When a guy beats the market for 15 years in a row, it is in all our interest to listen to what he says.
"The equity sell-off on October 19 was precipitated by the market's reaction to the earnings of two stalwarts of the commodities cabal, Caterpillar (CAT) and Schlumberger (SLB), both of which surprised their fans by issuing less than stellar guidance. Cat went so far as to opine that the US might be in recession already; its earnings gains were solely due to non-US growth.
If credit is becoming harder to come by, if spreads are widening, if growth is slowing, then it seems to me the leadership is about to change. The same strategies that led when the global economy was emerging from fears of deflation and entering a period of accelerating growth and synchronized recovery are very low probability bets to lead if the global economy is peaking, the US is slowing appreciably, and credit spreads are widening, not narrowing.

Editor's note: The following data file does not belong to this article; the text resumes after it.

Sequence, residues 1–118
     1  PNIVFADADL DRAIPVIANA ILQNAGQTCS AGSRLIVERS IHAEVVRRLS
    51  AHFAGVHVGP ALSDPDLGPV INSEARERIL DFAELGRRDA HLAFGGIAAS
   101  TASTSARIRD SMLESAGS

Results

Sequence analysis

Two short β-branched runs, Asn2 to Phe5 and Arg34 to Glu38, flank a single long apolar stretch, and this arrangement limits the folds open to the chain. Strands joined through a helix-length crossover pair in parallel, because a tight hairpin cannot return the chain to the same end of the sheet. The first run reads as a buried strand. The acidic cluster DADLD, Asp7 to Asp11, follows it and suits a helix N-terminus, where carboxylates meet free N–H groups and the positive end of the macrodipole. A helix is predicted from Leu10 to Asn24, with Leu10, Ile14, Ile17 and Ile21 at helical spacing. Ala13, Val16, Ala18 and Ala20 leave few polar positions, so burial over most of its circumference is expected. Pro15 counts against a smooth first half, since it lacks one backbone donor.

Where will the new leadership come from? The same place it usually does: the old laggards. I think the new leadership will be US, large-cap, dollar-based, and grow to encompass what no one wants to own today, especially financials and consumer. I also think so-called growth stocks will continue to do fine. When growth becomes scarcer and the discount rate becomes lower, growth becomes more valuable.
More particularly, just as the right thing to do in 2002 was to buy what everyone was panicked about, I think the greatest gains over the next 5 years will be made in those securities people are panicked about today. For specific names, consult the 52-week new low list."
52 Week low financial? Washington Mutual (WM), Citigroup (C), Wachovia (WB), Bank of America (BAC), Wells Fargo (WFC) Merill Lynch (MER) and every homebuilder.
We have been buying Citigroup, Wachovia and Goldman Sachs since the late summer and financials now make up almost 60% of the portfolio. Like Miller, I am expecting big gains over the next several years out of this group. I also expect some short term pain and hey, no pain no gain, right?
Read Miller's full letter here: